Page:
- The Washington Times - Tuesday, October 3, 2000

An interesting thing happened in the Redskins' game against Tampa Bay on Sunday. The Washington offense kept running the ball right into the jaws of the mighty Bucs defense and actually lived to tell about it. Thirty-two times the Redskins ran it, piling up 145 yards and a touchdown. That's how you beat Warren Sapp and Co., but how many teams can pull it off?

The Redskins were able to pull it off at least in part because their defense allowed them to. When your 'D' isn't giving up much and Ray Rhodes' troops gave up just seven points in the first 58 minutes "it gives you the opportunity to be a little more patient," Norv Turner said yesterday. You can keep pounding the ball at the defense, wearing them down, and eventually cracks begin to appear.

"It's the old adage," Jay Leeuwenburg said. "A 2-yard run in the first quarter becomes a 5-or 6-yard run later on. And then maybe in the fourth quarter you can break it [for a long gain]."

In this game, the Redskins broke their long run in the second quarter a 50-yarder by Stephen Davis that tied the score, 7-7. But they continued to hammer away for the rest of the afternoon, calling Davis' number 20 times in the second half and overtime. And in the last few minutes of regulation, when they should have put the Bucs away, there was Stephen ripping off gains of 13 and 5 yards against a stacked defense to move the Redskins into easy field goal range. (Alas, Mike Husted missed the kick.)

Turner has never had this luxury before not since he came to Washington, at least. He has never had a defense that was this solid, that could hold the opposition under 20 points week in and week out. Oh, his defense has played well for stretches in the past allowing just 56 points in the first five games in '96 and 59 during a five-week stretch in '97 but it always went ker-blooey in the end. This year's defense doesn't look like it's going to go ker-blooey in the end.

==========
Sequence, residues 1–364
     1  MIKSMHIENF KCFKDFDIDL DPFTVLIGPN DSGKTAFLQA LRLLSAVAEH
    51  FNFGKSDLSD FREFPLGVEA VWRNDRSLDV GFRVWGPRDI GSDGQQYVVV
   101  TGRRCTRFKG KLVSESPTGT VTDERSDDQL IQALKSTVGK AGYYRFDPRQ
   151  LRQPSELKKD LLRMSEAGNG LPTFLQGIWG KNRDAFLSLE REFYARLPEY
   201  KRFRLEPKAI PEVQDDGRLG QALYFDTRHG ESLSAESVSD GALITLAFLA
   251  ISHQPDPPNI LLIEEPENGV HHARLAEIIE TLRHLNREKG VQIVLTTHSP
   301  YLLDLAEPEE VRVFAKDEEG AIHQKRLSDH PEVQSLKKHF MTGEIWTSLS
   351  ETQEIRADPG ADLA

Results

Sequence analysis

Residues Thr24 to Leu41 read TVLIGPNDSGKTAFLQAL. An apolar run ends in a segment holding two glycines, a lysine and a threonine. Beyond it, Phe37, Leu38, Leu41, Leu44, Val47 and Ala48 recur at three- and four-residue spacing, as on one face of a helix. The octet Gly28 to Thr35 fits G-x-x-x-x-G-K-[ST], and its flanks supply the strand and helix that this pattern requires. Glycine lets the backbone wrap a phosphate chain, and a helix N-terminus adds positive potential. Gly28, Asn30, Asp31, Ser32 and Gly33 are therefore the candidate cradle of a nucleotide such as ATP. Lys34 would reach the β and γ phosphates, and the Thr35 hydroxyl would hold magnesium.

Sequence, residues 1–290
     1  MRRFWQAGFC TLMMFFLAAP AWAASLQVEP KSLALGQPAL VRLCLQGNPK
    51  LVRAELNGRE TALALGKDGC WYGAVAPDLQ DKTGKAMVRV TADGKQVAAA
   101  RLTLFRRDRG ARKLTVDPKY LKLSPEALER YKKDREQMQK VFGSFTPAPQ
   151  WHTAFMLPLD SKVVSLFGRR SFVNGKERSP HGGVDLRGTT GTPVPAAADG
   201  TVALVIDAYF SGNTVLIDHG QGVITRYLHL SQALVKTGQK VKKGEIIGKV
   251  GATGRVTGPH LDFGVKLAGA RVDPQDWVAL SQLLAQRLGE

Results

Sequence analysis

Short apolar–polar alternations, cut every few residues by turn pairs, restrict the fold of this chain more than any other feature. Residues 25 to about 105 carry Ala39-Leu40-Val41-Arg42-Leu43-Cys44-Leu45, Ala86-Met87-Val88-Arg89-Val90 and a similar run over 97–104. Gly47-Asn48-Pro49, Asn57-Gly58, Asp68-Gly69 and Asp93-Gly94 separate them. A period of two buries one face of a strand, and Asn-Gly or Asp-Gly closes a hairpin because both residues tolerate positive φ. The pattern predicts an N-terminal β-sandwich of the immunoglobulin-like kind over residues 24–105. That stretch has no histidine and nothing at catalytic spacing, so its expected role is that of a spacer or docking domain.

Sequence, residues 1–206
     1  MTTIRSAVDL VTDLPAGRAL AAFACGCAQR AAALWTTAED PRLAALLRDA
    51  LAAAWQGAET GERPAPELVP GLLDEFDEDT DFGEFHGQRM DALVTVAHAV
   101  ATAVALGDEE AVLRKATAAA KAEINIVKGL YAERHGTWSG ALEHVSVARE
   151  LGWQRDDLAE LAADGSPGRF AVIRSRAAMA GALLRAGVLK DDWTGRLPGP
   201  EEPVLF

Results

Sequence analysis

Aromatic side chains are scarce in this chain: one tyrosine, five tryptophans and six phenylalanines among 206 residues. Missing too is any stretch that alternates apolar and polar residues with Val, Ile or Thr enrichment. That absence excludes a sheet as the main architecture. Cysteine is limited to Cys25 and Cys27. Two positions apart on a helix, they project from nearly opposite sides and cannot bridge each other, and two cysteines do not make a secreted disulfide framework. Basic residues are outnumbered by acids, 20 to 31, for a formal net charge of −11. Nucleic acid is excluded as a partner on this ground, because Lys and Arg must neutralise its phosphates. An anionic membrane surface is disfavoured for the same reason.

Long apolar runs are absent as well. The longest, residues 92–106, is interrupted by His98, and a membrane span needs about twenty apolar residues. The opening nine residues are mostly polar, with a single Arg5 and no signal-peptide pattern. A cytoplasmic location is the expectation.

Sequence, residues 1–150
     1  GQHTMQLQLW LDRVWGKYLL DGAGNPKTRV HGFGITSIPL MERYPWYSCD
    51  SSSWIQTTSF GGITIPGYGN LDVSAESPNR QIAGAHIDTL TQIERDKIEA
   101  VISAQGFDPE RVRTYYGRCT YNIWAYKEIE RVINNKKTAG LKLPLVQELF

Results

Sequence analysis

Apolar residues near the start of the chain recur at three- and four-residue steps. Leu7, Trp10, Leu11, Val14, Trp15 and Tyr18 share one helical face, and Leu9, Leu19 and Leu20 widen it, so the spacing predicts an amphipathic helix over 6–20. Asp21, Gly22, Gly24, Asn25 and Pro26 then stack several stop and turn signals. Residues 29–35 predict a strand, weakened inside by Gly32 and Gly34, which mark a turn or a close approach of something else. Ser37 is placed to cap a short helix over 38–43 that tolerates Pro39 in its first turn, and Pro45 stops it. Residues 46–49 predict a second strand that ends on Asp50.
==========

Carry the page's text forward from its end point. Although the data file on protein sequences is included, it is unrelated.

If anything, it looks like it might get stronger as the season progresses especially if LaVar Arrington keeps improving. (I've never seen a strong side linebacker get into the backfield faster.) What does this mean? It means we're going to be getting a lot more of the same more tight, defensive ballgames, more conservative playcalling, more Stephen Davis.

Which is fine by the offensive line. "We feel like we can run the ball against anybody on any given Sunday," Leeuwenburg said. But to do that, they have to be given the chance. This defense will give them the chance.

The O-line's job got a little tougher yesterday when it found out Tre Johnson's knee injury might sideline him for the rest of the year. Johnson is a big part a 326-pound part of the running game. Leeuwenburg has performed admirably in Tre's absence this season, but he's no Pro Bowler. At the other guard spot, meanwhile, Keith Sims has been battling Achilles' tendinitis for several weeks and is probably going to need a rest soon, Turner said. This only complicates matters further.

But Norv doesn't have many other options. The offense has already lost Michael Westbrook for the year, so it's not like Brad Johnson can just step back and fire away. No, the unit is going to have to stay very basic run the ball, throw off play-action and try to take advantage of downfield opportunities when they present themselves (as they did against the Giants).

Such an approach has its advantages. It tends to cut down on turnovers lost fumbles generally being less frequent than interceptions and usually leaves you in pretty good time-of-possession shape. In all five of their games this season, the Redskins have had the edge in TOP. But as Turner says, being patient is "sometimes a good thing and sometimes a bad thing. When we're at our best, we're running the ball and making plays in the passing game. If you're going to score points in this league, you have to be able to do both."

The biggest danger is that the offense might lose its aggressiveness, start to think it doesn't have to score that much because the defense has things under control. You want to put games out of reach whenever you can in this league; if you let opponents hang around and hang around, they might jump up and bite you at the end (as could have happened against the Panthers and Bucs).

However you look at it, though, these next 11 games figure to be a grind for the Redskins. The past three weeks, Davis has rushed for 91 yards in 25 carries against Dallas, 89 yards in 30 carries against the Giants and not counting the 50-yard touchdown 91 yards in 27 carries against Tampa Bay. That's not an aberration, it's a pattern. Expect more of the same.

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